GRANTS TOMB NEWS
|Remembering Ulysses S. Grant's visit to Japan|
After a stressful eight years as the 18th president of the United States, in the difficult reconstruction period following the Civil War, Ulysses S. Grant (1822- 1885) sought a quieter life as a private citizen and planned a vacation to England with his wife and one of his sons to meet his daughter Nellie. But this voyage mushroomed into an unprecedented journey.
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|See a Video of the Frank Scaturro Interview with Pavlina Osta of Pavlina's Kidz Place
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Senators, others ask Park Service to restore Grant memorial
A group that includes Illinois senators Richard J. Durbin (D) and Mark Kirk (R) is urging Interior Department Secretary Ken Salazar and the National Park Service to restore the Ulysses S. Grant Memorial that stands at the foot of Capitol Hill
Read More of Linda Wheeler's Article
OF NOTEOf all of the icons of American culture the "dollar", and more generally, our currency is a symbol that is recognized and admired worldwide. America prints the portraits of our most revered presidents on our currency to honor and recognize their greatness. Among the best examples is the $50 bill displaying the portrait of President Ullyses S. Grant. Now there is proposal in Congress to replace President Grant on the $50 bill with President Reagan. Click on the $50 bill to read comments from Frank Scaturo about this proposal.
In this exclusive, four-part story package, the Grant Monument Association's Scott Berman explores the history, forms and implications of sculptural works depicting Ulysses S. Grant. Among those helping to tell the story are experts and practitioners, who share their views in a Q&A. Among the key questions raised by this package: What could the future hold for existing and new sculptures of Grant?
See our past series of articles HERE.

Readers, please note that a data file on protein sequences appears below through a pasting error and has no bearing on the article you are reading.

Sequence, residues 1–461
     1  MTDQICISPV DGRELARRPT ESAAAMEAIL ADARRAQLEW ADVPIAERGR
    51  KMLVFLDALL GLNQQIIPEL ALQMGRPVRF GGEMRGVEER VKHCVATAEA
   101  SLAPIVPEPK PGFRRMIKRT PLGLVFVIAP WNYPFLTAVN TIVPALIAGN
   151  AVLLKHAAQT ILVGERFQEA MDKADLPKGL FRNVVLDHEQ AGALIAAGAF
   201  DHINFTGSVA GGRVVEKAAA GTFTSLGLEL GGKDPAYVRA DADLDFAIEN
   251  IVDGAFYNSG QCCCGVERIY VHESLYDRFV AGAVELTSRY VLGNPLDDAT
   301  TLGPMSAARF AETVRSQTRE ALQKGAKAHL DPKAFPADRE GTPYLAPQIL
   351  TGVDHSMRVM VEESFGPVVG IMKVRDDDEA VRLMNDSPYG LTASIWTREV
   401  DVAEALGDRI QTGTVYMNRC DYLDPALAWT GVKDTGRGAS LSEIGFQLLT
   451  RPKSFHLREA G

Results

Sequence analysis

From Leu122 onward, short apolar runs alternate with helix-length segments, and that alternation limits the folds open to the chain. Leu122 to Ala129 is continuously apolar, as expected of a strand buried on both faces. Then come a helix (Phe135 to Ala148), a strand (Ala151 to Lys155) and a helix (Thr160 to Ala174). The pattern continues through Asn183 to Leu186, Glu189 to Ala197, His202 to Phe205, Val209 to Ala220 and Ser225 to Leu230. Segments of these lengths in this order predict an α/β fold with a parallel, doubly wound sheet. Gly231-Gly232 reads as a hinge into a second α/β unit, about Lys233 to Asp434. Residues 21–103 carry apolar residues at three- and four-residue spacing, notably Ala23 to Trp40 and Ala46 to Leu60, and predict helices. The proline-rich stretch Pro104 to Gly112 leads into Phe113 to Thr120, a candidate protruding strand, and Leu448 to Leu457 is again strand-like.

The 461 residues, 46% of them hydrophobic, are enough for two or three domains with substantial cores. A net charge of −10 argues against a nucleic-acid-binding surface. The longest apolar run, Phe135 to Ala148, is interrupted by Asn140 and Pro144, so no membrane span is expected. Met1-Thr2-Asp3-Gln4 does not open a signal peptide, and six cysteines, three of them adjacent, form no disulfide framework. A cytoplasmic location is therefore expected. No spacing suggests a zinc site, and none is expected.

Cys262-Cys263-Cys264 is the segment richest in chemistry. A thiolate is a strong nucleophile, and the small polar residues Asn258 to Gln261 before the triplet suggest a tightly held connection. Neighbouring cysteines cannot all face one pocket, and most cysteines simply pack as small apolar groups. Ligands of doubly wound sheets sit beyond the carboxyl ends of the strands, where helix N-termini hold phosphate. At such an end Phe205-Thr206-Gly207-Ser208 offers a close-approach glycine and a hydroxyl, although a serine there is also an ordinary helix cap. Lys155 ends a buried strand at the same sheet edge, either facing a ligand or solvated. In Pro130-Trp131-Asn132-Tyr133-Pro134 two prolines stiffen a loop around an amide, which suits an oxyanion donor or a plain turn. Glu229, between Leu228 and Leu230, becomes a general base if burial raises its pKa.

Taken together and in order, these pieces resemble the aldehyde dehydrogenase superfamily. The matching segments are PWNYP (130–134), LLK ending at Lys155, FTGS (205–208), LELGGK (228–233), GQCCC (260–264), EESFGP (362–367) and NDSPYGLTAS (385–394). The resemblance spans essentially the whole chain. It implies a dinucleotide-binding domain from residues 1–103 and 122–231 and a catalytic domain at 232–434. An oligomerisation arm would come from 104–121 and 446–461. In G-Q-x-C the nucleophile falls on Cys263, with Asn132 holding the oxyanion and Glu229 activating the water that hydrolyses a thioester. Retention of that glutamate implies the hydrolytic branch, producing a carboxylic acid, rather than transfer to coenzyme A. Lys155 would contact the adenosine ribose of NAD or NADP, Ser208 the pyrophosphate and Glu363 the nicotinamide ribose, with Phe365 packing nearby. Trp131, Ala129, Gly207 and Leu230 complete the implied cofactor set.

Overlook Pavilion Update
The National Park Service begins work to restore the dilapidated overlook pavilion across the street from Grant's Tomb.
Remaining Work to Be Done
See what work remains to be done to Grant's Tomb in a pictorial format.
Ulysses S. Grant was one of the great figures in American history. In war and in peace, his extraordinary leadership saved the Union and worked to insure a new era of peace and equality for all Americans. His death was followed by one of the largest outpourings of public grief in history, and Grant's Tomb was for many years among the most popular American landmarks. Over the course of the 20th century, however, Grant's reputation unjustly suffered, as general and especially as president, and his final resting place eventually became a national disgrace as it fell victim to desecration and neglect. The Grant Monument Association called the nation's attention to the deplorable condition of Grant's Tomb during the 1990's, and this website is presented to alert the public to what has been achieved and what remains to be done at this significant monument, as well as to further the education of the public on the life and legacy of a hero president who still commands a salute.
Tomb, officially designated as the General Grant National Memorial,
stands as a tribute to Ulysses S. Grant, the principal author of Union
victory during the Civil War and 18th president of the United States.
Located in Riverside Park in Manhattan near the intersection of
Riverside Drive and W. 122 Street, this granite and marble monument is
the final resting place of President Grant and his wife, Julia Dent
Grant. It is also the second largest mausoleum in the Western
Grant's Tomb, officially designated as the General Grant National Memorial, stands as a tribute to Ulysses S. Grant, the principal author of Union victory during the Civil War and 18th president of the United States. Located in Riverside Park in Manhattan near the intersection of Riverside Drive and W. 122 Street, this granite and marble monument is the final resting place of President Grant and his wife, Julia Dent Grant. It is also the second largest mausoleum in the Western Hemisphere.
Please visit this site again as it is expanded and updated.
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